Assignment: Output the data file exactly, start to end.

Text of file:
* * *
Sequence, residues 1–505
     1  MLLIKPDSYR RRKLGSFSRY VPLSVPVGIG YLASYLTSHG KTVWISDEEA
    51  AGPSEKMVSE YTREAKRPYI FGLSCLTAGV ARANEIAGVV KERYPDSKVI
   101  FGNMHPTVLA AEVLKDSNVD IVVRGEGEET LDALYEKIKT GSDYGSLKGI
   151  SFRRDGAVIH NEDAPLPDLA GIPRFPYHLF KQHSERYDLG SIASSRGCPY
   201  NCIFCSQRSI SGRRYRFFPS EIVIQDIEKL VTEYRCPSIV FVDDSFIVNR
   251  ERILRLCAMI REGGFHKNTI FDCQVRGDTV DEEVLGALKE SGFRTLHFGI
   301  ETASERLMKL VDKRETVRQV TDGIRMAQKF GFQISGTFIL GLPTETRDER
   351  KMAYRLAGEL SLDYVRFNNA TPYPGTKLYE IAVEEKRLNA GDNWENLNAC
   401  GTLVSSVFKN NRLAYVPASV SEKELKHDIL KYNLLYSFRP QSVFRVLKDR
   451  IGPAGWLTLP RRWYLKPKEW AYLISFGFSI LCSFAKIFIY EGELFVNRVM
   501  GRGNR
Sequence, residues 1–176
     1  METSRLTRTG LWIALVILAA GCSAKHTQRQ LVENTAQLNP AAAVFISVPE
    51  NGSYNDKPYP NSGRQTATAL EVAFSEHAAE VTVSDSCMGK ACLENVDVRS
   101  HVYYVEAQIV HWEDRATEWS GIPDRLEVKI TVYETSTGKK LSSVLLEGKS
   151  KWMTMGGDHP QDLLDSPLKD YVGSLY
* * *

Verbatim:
Sequence, residues 1–505
     1  MLLIKPDSYR RRKLGSFSRY VPLSVPVGIG YLASYLTSHG KTVWISDEEA
    51  AGPSEKMVSE YTREAKRPYI FGLSCLTAGV ARANEIAGVV KERYPDSKVI
   101  FGNMHPTVLA AEVLKDSNVD IVVRGEGEET LDALYEKIKT GSDYGSLKGI
   151  SFRRDGAVIH NEDAPLPDLA GIPRFPYHLF KQHSERYDLG SIASSRGCPY
   201  NCIFCSQRSI SGRRYRFFPS EIVIQDIEKL VTEYRCPSIV FVDDSFIVNR
   251  ERILRLCAMI REGGFHKNTI FDCQVRGDTV DEEVLGALKE SGFRTLHFGI
   301  ETASERLMKL VDKRETVRQV TDGIRMAQKF GFQISGTFIL GLPTETRDER
   351  KMAYRLAGEL SLDYVRFNNA TPYPGTKLYE IAVEEKRLNA GDNWENLNAC
   401  GTLVSSVFKN NRLAYVPASV SEKELKHDIL KYNLLYSFRP QSVFRVLKDR
   451  IGPAGWLTLP RRWYLKPKEW AYLISFGFSI LCSFAKIFIY EGELFVNRVM
   501  GRGNR
Sequence, residues 1–176
     1  METSRLTRTG LWIALVILAA GCSAKHTQRQ LVENTAQLNP AAAVFISVPE
    51  NGSYNDKPYP NSGRQTATAL EVAFSEHAAE VTVSDSCMGK ACLENVDVRS
   101  HVYYVEAQIV HWEDRATEWS GIPDRLEVKI TVYETSTGKK LSSVLLEGKS
   151  KWMTMGGDHP QDLLDSPLKD YVGSLY